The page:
The Old Galle Dutch Hospital, one of the oldest buildings within the Galle Fort region, dates back to the Dutch colonial period. It has been used for many different purposes over the years. It was built on the same site as the Black Fort and the Aurora bastion. Galle hospital was established by the Dutch to care for the health of officers and other personnel serving under the Dutch East India Company. The British first used the building in 1850 for the office of Galle Kachcheri, or the Office of Government Agent of Southern Province. It is amazing to see that Smallpox experiments were carried out in this building, as the deadly disease was already widespread in the area of Galle prior to smallpox vaccine in Europe. The historic architecture was preserved and the building was transformed into a shopping and dining area. It is a Dutch colonial-style building from the seventeenth century. The walls measure 50 cm (20 inches) thick, as with many Dutch buildings from the same era. Massive teak beams are featured in the structure. A wooden staircase can take you to the upper level. The wooden floor is found on the upper story. The building's wing has a long, open veranda that runs the length of the building.

Law Courts

The VOC introduced the Roman-Dutch law to their newly acquired East territories, including Sri Lanka. It was adopted by the VOC to their newly acquired territories in the East, including Sri Lanka. In 1656 it was made the law for the maritime districts of Sri Lanka. It was adopted by the British and became the Common Law of Sri Lanka. Each of the three judicial districts of Jaffna and Galle had seven members. They were each appointed by the Governor from officers of the Company in Sri Lanka. The civil and judicial powers were simultaneously held by the Commander of Galle. The Council of Justice was an institution that existed in the 18th century. It was moved to the present structure shortly after independence in 1948. Because it stands in front of Galle’s Magistrates Court building, it is also called Court Square. Each corner has four columns of white that support a pyramidal clay roof made in the old colonial Dutch design.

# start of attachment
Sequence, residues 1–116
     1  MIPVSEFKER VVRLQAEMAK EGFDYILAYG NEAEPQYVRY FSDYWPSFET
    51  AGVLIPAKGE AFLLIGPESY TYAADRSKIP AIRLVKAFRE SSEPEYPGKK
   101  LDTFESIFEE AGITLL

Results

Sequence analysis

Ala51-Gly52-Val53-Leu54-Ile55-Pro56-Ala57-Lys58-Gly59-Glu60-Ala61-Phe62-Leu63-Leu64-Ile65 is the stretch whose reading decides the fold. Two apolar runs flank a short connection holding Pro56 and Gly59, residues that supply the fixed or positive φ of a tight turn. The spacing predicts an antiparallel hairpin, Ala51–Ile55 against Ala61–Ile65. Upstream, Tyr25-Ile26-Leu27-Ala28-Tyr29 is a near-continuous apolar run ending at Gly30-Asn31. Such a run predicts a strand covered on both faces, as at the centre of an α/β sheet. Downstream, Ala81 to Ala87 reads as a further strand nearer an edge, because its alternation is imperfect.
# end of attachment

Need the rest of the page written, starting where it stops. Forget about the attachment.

Galle Fort Ambalama

Galle Fort Ambalama can be found in the open space at Courthouse square, which is located at the far end. It is simple and made of bricks and mortar, with its roof supported by four pillars. Although the Ambalama is on a raised platform, it does not have side walls like other brick-and mortar ambalamas. In 2008, the Ambalama building was renovated.

Climate of Galle

Galle has a tropical rainforest climate. Although there is no dry season in Galle, it is noticeably dryer in January and February. Temperatures are consistent with similar climate cities, with the average temperature hovering around 26 degrees Celsius (79 degrees F) throughout the year.

Galle is home to the most famous attraction and other things to do

Galle Fort